In the years that followed, Wendy Schmidt and the 11th Hour team, already funding many Indigenous projects, fully committed themselves to highlight and support Indigenous projects throughout the US, California, and the world at large. When my fellow Native American Princeton alumni had difficulties getting institutional support, I reached out to Wendy, mainly to vent and to seek advice on how Princeton worked. After a few phone calls to her network, which included former Princeton trustee Peter Wendell and his family, the endowed Indigenous Studies chair was a reality.
Of course, while the Schmidt family’s support was critical, many hands helped along the way. Native American alumni at Princeton had been asking for change for years. The idea of an endowed chair came neither from the alumni nor the Schmidts but from conversations we had with sympathetic professors. Requests for more support were hardly new; however, the ask for an endowed chair reflected a new strategy.
Through this endowed chair, we see the possibility of creating a pipeline for an increased number of Native American students to enroll at and graduate from Princeton. After college, these students often go back to serve their home communities, providing vital contributions that meet local needs while also benefitting Native economies. For example, Dr. Yolandra Toya, MD, Jicarilla Apache, sets aside two days a month to provide greatly needed medical service at Jemez Pueblo in New Mexico.
The Road Ahead
While Princeton’s establishment of an Indigenous Studies endowed chair is to be lauded, this institutional commitment cannot pardon the genocidal history of the US nor erase the history of the university as a whole. However, it is a start to a new kind of narrative that doesn’t call for complete disregard for the Indigenous worldviews that come with each new Princeton class of Indigenous students. It’s an opportunity for the university and all the scholarship that flows from it to see the contributions, spoken and unspoken, that Indigenous scholars and communities have set within its foundations—and if we are wise enough, all that has been kept outside its walls.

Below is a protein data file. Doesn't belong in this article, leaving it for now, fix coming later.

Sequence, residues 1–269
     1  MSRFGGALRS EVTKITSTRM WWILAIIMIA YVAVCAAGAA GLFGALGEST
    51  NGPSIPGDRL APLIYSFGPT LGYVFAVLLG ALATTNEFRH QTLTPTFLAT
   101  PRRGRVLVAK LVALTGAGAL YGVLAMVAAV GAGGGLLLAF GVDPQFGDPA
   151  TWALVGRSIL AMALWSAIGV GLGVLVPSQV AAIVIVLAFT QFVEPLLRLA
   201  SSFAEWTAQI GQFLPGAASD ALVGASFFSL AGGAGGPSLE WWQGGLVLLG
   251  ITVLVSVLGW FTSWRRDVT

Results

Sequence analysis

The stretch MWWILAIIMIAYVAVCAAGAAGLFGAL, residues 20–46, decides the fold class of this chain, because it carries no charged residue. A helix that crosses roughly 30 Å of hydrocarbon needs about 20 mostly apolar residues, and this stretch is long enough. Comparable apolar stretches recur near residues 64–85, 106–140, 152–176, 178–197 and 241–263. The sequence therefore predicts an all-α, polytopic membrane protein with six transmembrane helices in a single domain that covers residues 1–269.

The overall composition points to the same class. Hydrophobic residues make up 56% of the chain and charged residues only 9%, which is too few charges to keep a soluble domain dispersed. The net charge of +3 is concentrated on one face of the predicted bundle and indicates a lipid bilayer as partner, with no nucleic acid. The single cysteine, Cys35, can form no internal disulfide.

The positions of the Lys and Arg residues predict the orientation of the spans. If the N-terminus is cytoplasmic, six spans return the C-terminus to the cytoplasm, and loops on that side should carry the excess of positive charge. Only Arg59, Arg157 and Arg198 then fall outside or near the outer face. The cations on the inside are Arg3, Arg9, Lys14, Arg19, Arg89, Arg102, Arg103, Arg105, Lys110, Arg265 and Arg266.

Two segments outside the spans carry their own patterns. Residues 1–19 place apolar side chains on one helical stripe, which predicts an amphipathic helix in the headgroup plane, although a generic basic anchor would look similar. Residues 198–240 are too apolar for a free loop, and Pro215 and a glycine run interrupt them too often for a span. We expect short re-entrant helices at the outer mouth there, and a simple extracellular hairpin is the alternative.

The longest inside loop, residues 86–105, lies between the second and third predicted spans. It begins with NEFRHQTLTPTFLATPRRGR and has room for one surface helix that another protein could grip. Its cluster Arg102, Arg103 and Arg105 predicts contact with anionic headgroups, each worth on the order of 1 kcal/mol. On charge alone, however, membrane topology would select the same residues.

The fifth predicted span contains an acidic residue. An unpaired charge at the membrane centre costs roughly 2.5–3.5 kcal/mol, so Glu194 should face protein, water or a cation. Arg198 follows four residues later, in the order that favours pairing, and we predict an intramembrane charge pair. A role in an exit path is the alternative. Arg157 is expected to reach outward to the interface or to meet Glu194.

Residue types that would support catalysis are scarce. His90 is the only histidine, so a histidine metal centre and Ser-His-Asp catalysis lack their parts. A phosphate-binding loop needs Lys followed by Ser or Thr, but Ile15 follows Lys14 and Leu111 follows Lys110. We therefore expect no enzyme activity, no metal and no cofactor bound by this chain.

Most endowed Indigenous Studies chairs are found in states and locales with significant Indigenous populations. Princeton’s chair is unique in that is embedded in one of the nation’s oldest universities, in an area of the country that’s had one of the longest histories of colonization. Indigenous people know all too well the importance of focusing effort and attention on the eldest pillars when attempting to change a society. The endowed Indigenous Studies chair does just that; it names Indigenous people as more than a colonized people, more than mere historical narratives, but as a present and existing people.
With this naming, the university and its faculty, alumni, and students—both Indigenous and non-Indigenous—now have the work of filling in the story between those two points. It is a story not just of the university, or of individual students and their families, but of the US as a nation and our hopes for a more inclusive American future.